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Symbols Used in Northern Ireland - Symbols Used by Both Traditions

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Text and Research: Dara Mulhern ... Page Design: Martin Melaugh
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Symbols Used by Both Main Traditions in Northern Ireland

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Title: Red Hand of Ulster
Description: The Red Hand of Ulster is the official seal of the O'Neill family. It is believed to originate from a mythical tale wherein two chieftains were racing across a stretch of water in a bid to be the first to reach the land and claim it as his own. Realising his foe would touch the land first, one chieftain cut off his hand and threw it onto the shore, thereby claiming the land before his adversary reached it. The Red Hand is one of the only emblems in Northern Ireland used by both communities in Northern Ireland although it is more associated with the Protestant community. Catholics see it as representing the nine counties of Ulster while Protestants see it as representing the six counties of Northern Ireland. The Red Hand of Ulster appears on many murals and flags.
Title: Harp
Description: This ancient instrument has long symbolised the island of Ireland. It's Nationalist origins come from when Owen Roe O'Neill, a Gaelic Chieftain, adopted a green flag incorporating the harp. Being seen as a threat to the English invaders, playing the harp was banned, despite remaining on the royal insignia as representing Ireland in the growing British Empire. It was revived in Belfast in 1792, and was the prime symbol of the United Irishmen. The symbol of the harp also represents Loyalist Irishmen when it is surmounted by a crown and it is used in this form on, for example, the cap badges of the Royal Ulster Constabulary.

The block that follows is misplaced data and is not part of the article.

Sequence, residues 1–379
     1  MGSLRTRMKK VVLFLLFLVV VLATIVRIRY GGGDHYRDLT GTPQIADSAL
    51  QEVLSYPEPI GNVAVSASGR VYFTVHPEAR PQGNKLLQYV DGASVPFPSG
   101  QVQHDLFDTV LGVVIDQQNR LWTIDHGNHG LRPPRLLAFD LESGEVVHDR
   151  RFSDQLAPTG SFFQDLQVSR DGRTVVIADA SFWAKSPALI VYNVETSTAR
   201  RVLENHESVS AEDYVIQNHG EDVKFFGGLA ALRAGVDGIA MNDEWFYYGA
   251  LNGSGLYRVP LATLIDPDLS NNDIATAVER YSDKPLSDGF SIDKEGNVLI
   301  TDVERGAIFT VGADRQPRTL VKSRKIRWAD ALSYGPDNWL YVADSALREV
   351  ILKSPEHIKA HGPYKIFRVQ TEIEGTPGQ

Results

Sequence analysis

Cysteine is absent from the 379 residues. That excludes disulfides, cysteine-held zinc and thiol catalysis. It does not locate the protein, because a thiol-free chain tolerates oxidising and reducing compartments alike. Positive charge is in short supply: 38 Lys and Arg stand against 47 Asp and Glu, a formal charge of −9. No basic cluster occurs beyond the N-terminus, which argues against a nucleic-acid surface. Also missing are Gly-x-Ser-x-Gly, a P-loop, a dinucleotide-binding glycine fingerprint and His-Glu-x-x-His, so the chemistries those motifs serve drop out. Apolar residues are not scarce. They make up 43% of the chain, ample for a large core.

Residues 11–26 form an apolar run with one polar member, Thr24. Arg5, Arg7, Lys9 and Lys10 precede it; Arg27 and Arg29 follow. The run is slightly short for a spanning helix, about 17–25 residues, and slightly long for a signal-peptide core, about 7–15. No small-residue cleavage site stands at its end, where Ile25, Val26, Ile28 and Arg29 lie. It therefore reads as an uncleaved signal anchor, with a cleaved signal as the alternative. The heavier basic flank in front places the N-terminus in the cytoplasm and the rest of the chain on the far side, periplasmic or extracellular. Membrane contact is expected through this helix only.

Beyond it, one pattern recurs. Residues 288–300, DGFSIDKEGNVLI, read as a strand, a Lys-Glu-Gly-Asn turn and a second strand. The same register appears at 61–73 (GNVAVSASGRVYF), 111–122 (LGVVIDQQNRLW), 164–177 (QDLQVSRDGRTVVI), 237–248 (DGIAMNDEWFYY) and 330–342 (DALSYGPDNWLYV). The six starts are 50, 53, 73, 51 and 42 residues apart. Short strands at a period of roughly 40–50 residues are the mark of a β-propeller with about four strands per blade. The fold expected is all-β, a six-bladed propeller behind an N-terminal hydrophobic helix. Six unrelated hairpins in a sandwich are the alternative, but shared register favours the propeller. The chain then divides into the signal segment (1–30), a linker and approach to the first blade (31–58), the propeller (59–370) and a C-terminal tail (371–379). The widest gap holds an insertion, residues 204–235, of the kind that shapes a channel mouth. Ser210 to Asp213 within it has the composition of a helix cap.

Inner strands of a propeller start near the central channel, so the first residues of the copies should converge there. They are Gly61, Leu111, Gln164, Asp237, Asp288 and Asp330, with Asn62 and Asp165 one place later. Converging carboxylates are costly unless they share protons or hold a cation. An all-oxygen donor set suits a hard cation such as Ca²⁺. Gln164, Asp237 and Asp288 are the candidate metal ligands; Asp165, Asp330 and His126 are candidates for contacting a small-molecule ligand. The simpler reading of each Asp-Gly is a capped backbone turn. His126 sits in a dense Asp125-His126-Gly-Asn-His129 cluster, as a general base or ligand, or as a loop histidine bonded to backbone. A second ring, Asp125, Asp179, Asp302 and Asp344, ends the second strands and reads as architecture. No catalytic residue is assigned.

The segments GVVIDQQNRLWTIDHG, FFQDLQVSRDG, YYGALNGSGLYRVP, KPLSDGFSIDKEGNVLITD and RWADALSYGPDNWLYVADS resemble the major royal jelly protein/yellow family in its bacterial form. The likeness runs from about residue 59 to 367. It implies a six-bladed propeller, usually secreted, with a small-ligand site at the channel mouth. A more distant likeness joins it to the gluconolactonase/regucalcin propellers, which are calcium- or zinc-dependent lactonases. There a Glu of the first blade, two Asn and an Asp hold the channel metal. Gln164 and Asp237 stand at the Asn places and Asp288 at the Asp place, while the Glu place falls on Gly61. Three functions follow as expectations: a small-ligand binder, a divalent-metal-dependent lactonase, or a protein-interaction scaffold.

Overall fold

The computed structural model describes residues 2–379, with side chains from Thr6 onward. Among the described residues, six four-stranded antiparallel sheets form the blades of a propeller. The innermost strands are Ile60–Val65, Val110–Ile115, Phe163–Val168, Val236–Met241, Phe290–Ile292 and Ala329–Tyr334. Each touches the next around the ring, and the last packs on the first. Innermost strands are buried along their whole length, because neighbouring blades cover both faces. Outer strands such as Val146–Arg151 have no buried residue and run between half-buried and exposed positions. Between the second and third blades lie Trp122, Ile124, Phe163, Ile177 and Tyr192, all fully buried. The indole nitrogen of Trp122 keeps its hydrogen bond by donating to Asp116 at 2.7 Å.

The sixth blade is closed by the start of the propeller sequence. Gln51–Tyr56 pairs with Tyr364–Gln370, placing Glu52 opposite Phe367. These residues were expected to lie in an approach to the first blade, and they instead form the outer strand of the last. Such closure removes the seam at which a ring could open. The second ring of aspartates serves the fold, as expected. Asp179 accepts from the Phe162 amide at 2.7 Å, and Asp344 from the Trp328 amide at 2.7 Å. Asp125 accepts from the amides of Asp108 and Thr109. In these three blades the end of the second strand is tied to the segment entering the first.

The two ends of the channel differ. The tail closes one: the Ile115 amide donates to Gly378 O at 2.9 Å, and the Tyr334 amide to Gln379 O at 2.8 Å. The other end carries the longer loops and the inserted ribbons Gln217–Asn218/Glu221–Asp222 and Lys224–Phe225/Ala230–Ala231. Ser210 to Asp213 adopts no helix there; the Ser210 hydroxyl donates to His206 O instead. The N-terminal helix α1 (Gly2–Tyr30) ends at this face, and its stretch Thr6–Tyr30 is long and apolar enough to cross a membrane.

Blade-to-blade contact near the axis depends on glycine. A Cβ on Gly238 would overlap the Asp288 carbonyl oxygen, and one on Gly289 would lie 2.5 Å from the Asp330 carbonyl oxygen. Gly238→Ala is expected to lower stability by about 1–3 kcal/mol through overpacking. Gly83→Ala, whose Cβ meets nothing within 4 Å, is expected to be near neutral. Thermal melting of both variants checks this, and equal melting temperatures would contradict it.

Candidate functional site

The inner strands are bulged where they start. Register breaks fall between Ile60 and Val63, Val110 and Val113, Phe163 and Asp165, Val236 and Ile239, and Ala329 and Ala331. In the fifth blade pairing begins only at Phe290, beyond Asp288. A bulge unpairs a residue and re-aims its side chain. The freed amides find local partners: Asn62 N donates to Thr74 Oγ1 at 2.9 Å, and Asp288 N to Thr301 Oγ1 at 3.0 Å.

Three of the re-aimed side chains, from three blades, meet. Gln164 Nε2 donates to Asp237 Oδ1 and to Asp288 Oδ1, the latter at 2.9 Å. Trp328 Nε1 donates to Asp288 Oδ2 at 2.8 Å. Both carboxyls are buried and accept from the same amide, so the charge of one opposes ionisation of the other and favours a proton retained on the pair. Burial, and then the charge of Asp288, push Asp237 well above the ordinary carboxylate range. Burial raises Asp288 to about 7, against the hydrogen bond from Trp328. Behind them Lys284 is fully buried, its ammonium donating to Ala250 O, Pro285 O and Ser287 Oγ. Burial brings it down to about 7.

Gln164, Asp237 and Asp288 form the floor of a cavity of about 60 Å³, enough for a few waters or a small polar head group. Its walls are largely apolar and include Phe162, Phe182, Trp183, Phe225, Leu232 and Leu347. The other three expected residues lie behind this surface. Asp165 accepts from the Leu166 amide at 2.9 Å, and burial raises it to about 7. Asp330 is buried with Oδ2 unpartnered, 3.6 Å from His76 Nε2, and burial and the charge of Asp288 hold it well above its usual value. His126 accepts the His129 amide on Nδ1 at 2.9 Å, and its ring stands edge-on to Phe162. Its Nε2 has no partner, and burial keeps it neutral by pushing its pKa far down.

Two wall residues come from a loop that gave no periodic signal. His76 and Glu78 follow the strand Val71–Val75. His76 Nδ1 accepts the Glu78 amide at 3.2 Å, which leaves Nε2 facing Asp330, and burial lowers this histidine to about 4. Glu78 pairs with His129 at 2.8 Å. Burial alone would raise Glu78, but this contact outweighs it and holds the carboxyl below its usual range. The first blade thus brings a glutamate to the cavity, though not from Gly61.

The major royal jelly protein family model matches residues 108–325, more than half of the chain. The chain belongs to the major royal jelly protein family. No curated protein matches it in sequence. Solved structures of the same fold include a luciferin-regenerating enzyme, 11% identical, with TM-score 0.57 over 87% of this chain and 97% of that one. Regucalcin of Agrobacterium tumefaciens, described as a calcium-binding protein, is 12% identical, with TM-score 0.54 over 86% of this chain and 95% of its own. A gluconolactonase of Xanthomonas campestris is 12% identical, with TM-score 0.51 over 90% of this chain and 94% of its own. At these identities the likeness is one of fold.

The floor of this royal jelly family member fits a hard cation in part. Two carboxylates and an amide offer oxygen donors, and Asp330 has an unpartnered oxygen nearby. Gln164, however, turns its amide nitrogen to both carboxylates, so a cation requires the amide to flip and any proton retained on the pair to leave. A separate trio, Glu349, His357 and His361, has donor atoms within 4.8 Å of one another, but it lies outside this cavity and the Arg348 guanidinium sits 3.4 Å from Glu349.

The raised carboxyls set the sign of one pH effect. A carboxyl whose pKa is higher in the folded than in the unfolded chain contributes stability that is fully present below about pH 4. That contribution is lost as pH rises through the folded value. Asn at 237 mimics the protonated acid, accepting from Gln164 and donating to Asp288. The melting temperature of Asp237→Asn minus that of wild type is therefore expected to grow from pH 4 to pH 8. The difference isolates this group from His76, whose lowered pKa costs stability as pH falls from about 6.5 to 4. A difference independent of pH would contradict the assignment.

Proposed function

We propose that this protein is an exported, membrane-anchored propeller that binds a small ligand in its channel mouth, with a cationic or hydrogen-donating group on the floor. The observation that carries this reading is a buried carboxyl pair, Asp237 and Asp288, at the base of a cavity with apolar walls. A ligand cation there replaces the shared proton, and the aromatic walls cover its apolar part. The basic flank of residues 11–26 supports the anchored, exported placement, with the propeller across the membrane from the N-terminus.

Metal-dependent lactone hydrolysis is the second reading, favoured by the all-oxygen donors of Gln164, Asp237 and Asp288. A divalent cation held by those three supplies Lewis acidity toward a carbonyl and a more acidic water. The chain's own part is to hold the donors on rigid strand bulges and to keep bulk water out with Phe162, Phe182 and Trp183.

Title: Shamrock
Description: Legend has it that the shamrock was used by St. Patrick, the patron saint of Ireland, to illustrate the Holy Trinity, hence its widespread use on St. Patrick's day on 17 March. It is one of Ireland's national emblems, and is used by mainly by the Nationalist tradition, but is also evident within the Unionist tradition, with bodies such as the Royal Irish Rangers wearing the Shamrock every St. Patrick's day.
Title: White Ribbon
Description: A number of symbols of peace have been used over the past thirty years by various organisations. Most recently those campaigning for peace have worn a white ribbon in their lapels. In the past white paper doves have been held aloft at peace demonstrations.
Title: Cú Chulainn
Description: Also known as the 'Hound of Ulster', or Setanta, this Celtic mythical figure can be found on both Republican and (more recently) Loyalist murals. Opposite he is shown dying against a pillar after he fought Queen Maeve's armies of Connaught, who were only sure he was dead after a raven landed on his shoulder. He embodies resilience against invaders, thus proving to be an apt figure for both Protestant and Catholic communities. This statue can be found in Dublin's General Post Office.

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